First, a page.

Friday, February 12, 2016

Land lease agreements a focus of first Pittsfield Municipal Airport (KPSF) study group meeting

PITTSFIELD >> Leases involving Pittsfield Municipal Airport land generated considerable discussion during the first meeting of a study group examining how the facility is managed and weighing whether changes could make it more cost-effective.

The study group, which was appointed by Mayor Linda M. Tyer after a request from the City Council, held its organizational meeting Thursday at City Hall. The nine-member committee began to discuss how it will examine the airport operation in the coming months — aiming to produce a report in May.

Airport Manager Robert Snuck told the committee he found several questionable leases after beginning in the post last year and recently researching the issue as part of an Airport Commission effort to boost revenue while controlling expenses.

Snuck said some of the lease agreements he found — particularly concerning a 30-acre parcel carved out of the more than 550-acre airport site for the Westwood Business Center Park — seem to be out of compliance with Federal Aviation Administration or state regulations for airports. For instance the FAA has regulations concerning how revenue derived from airport property can be used, he said.

"I think things were done I'll say were under the table," Snuck said at one point.

He added that some leases were granted for much longer than the 20-year timeframe normally required in the regulations. Some were for 40 years at $1 per year, with an option for 40 additional years at the same nominal cost, Snuck said.

Airport Commission Chairman Christopher Pedersen, who is a member of the study group, said on Friday that it remains unclear exactly what agreements were reached when the Westwood park was created during the mid-1980s, but he believes additional paperwork might be found to clarify the situations. He said there is evidence that the several parties involved were discussing agreements at the time, but not all paperwork has been located.

Putting the matter into context, he said the two leases granted for 40 years at $1 a year were on the five acres of the Westwood park that is owned by the city, while another 25 acres is owned by the airport. Overall, he added, total revenue on leases there is low, "maybe $6,000 annually," and not a major potential source of income to support the operation.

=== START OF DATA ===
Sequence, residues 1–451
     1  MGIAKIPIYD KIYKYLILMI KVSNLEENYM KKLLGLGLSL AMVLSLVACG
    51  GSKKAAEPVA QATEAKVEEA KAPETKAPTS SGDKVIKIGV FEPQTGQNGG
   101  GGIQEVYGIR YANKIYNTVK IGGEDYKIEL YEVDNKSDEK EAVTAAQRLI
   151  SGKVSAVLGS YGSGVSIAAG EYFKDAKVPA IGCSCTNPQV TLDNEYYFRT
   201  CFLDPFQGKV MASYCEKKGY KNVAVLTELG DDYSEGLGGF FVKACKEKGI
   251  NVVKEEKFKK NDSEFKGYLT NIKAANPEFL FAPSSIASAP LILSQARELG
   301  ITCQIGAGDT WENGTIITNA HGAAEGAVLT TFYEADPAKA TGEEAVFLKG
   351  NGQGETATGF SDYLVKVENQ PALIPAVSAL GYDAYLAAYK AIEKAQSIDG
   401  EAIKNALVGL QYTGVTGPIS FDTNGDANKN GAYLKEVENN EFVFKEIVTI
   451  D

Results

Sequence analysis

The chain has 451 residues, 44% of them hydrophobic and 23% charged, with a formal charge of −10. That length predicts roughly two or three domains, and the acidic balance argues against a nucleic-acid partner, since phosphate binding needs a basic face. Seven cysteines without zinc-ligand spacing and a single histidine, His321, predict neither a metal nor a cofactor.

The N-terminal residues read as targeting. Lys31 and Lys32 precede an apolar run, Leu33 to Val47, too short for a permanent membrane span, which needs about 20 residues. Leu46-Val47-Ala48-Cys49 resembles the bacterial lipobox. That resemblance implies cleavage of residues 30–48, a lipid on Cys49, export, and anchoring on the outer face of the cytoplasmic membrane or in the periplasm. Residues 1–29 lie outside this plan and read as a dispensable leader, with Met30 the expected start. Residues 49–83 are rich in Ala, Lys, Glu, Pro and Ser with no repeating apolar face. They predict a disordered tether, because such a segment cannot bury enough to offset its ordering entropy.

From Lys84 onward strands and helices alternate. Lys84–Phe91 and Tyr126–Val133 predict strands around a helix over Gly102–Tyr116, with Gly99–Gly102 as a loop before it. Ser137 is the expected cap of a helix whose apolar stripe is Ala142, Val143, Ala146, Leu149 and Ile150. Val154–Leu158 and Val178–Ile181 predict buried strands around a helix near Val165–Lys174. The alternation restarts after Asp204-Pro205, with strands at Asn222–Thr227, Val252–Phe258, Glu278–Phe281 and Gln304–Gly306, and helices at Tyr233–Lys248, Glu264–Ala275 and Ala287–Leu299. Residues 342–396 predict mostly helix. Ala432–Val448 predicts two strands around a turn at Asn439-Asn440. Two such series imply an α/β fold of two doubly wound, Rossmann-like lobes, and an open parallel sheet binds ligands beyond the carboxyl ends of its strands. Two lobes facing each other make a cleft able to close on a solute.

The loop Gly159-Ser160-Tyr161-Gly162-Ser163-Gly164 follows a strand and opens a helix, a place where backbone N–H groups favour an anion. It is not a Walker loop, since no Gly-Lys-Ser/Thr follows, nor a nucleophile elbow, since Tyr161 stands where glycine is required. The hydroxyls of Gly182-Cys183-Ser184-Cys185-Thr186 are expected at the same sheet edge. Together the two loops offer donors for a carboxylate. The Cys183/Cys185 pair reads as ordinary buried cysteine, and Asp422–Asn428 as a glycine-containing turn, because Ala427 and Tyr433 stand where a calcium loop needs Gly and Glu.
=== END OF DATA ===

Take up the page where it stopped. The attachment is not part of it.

Pedersen said it also is typical of many industrial or business park sites that incentives, such as a tax break or low lease figure, are used to lure a business to the area. All of the park parcels are now leased, he said. There are at least seven available business sites at the Barker Road park.

Thomas Sakshaug, chairman of the study committee, said the group will want to review all leases associated with the airport and asked for copies of that information, along with other financial details of the operation.

Former Ward 5 Councilor Jonathan Lothrop — who for many years represented the ward where the airport off Tamarack Road is located — asked for spreadsheets of the financial data on which categories could be added. He offered to put that part of the study together as a subtask, and that was agreed to by committee members.

Ward 4 Councilor Christopher Connell, current Ward 5 Councilor Donna Todd Rivers and Councilor at large Melissa Mazzeo petitioned the council last month to ask Tyer to launch a study. Connell and Mazzeo had in the past raised the issue of whether having the city manage the airport is cost effective compared to other arrangements, such as privatization.

Those three councilors were named to the committee, along with Lothrop and Sakshaug. Also selected by Tyer were Michael Lyon of Lyon Aviation, which acts as the fixed-base operator private firm at the airport, providing services like fueling and hanger space for craft using the facility; Pedersen, Ashley Sulock, and attorney C. Jeffrey Cook.

Connell and other members said they want to focus first on the financial details of the operation, including budget figures like revenue and expenses, staffing and long-term plans for airport upgrade work, in the pipeline or being discussed.

Snuck and Airport Inspector Brian Spencer, the two city employees, also attended the group's organizational session.

Sakshaug won agreement for a second meeting on Feb. 25 and tentatively set a third meeting for March 9. Both sessions were scheduled for Room 203 at City Hall at 7 p.m.

Pedersen said the airport offices also would be used for meetings if space is unavailable at City Hall. Sakshaug said he wanted to schedule one or more meetings there so that committee members can view details of the facility.

The airport dates to 1932, Snuck said, opening with only the smaller, unpaved runway that now runs at an angle across the main runway. The main runway was lengthened and the approaches cleared back during a multi-year, $21 million project that will conclude this spring with repaving for old sections of the runway.

The improvements, financed primarily through federal and state grant funding, were designed to allow larger craft to use the airport and meet updated FAA safety requirements. For most such projects, the city has supplied a small percentage of the overall cost, from 5 to 10 percent of the total.

Lyon said the facility is regularly used by people and businesses from around the county, such as second home owners and Williams College or Canyon Ranch visitors. The use "is definitely countywide," he said.

The Westwood Center park is managed by the Pittsfield Economic Revitalization Corp. PERC officials could not be reached Friday for comment.

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